I begin reading with envy as M.L.Stedman’s playful yet adept metaphors slip off sentences, like droplets off the oars of a dinghy, each one plunging back into the ocean to collect another stream from which to compose those few extra words that create more than just mere description, revealing an image and inviting us deeper into the world she paints with words, an island hundreds of miles from civilisation, where only the two oceans, a grand light, the twinkling stars and the tall, elegant, imposing bearer of that light keep a young, newly married couple company.
There are times when the ocean is not the ocean – not blue, not even water, but some violent explosion of energy and danger: ferocity on a scale only the gods can summon. It hurls itself at the island, sending spray right over the top of the lighthouse, biting pieces off the cliff. And the sound is a roaring of a beast whose anger knows no limits. Those are the nights the light is needed most.
It is the early years after the first world war and many families have been affected by the loss of their sons, Tom survived the war but carries the guilt of a survivor who has seen too much and wishes they could have done more. Isabel’s family is no stranger to the grief of losing not one but two sons, within days of each other, never quite giving up the illusion of hope that maybe it was all an error and one of them will return.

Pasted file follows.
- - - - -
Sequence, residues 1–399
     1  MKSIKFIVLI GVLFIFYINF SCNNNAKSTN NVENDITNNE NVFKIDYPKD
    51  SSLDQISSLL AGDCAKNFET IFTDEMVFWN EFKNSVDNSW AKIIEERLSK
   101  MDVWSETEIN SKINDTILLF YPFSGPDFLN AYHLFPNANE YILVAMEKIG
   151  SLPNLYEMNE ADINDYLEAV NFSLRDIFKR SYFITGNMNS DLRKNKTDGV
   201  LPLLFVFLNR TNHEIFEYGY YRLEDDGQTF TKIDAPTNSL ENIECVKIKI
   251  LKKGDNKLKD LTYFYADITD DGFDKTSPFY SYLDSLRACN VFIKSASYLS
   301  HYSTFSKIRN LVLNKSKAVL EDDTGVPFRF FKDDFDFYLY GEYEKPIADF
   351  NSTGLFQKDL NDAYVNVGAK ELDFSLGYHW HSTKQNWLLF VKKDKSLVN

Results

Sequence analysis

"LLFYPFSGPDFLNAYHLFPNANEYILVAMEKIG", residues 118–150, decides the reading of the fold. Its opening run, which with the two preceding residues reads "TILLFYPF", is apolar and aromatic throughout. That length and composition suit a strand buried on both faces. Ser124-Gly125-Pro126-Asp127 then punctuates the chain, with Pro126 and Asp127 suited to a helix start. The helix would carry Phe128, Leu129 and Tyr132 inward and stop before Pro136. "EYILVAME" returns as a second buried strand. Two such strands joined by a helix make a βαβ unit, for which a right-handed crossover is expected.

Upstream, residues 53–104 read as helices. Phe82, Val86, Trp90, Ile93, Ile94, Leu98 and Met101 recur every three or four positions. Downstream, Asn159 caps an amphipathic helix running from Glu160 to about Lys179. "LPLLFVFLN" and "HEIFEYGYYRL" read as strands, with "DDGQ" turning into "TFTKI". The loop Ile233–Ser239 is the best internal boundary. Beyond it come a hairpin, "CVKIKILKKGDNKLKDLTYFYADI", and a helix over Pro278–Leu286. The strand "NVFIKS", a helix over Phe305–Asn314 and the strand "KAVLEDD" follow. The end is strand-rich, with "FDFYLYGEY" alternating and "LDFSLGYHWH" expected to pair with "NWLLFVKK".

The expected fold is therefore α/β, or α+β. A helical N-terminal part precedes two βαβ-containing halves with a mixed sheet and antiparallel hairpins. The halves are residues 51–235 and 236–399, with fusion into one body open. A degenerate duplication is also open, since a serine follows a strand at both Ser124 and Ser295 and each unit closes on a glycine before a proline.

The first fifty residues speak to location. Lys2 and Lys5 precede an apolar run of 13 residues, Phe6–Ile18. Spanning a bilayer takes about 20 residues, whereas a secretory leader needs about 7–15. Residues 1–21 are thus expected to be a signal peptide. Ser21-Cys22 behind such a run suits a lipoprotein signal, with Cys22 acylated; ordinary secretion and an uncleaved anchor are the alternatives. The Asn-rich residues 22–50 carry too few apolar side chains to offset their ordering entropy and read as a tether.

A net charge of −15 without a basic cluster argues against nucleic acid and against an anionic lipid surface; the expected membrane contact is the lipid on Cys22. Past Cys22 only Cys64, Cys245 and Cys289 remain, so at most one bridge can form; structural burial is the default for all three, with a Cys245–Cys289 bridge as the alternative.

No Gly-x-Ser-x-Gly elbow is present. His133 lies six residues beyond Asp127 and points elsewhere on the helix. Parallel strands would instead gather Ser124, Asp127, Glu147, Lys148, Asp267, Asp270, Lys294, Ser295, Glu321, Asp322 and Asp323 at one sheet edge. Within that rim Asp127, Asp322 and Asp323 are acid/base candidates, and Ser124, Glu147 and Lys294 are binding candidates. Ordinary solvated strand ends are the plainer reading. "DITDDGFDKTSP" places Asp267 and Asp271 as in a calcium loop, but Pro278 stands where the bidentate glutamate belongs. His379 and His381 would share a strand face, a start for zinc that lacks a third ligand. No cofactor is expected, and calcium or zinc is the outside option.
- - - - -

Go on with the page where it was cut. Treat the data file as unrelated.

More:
Tom accepts a job on Janus Rock, a lighthouse many miles out to sea, with visits to the mainland years apart, the island, the sea and that reassuring steadfast light his sole companions. Until Isobel joins him in wedlock and on the island will encounter her own form of grief, yearning for the child that never quite makes it into life.
After the last stillborn child, a dingy washes ashore with the body of a young man and a baby wrapped in a bundle, miraculously still alive. Convincing her husband to delay the inevitable moment, the two fall into a conspiracy of their own making, one that lifts Isabel’s spirit while crushing Tom’s peace of mind.
When he wakes sometimes from dark dreams of broken candles, and compasses without bearings, he pushes the unease down, lets the daylight contradict it. And isolation lulls him with the music of the lie.
At times uncomfortable reading, Stedman keeps you guessing and wanting to turn the pages, as the behaviours of the female characters are as unpredictable as the currents of the ocean herself. Tom, like the lighthouse itself is resolute, yet vulnerable to the consequences of his steadfast loyalty.
The choice of a third person narrative perspective has the effect of keeping the reader at a certain emotional distance and prevented me from being drawn into empathising with the characters, never being truly brought deep into their minds to see things from their perspective, thus we remain at a safe distance ourselves, just like those ships out at sea.
I did wonder why the author hadn’t taken that leap and told the story from the perspective of one of the central characters, but at the same time, sense the hesitation to go there. In all, a magnificent debut and thought-provoking novel, with many fabulous evocations of the turmoil of the sea and humanity.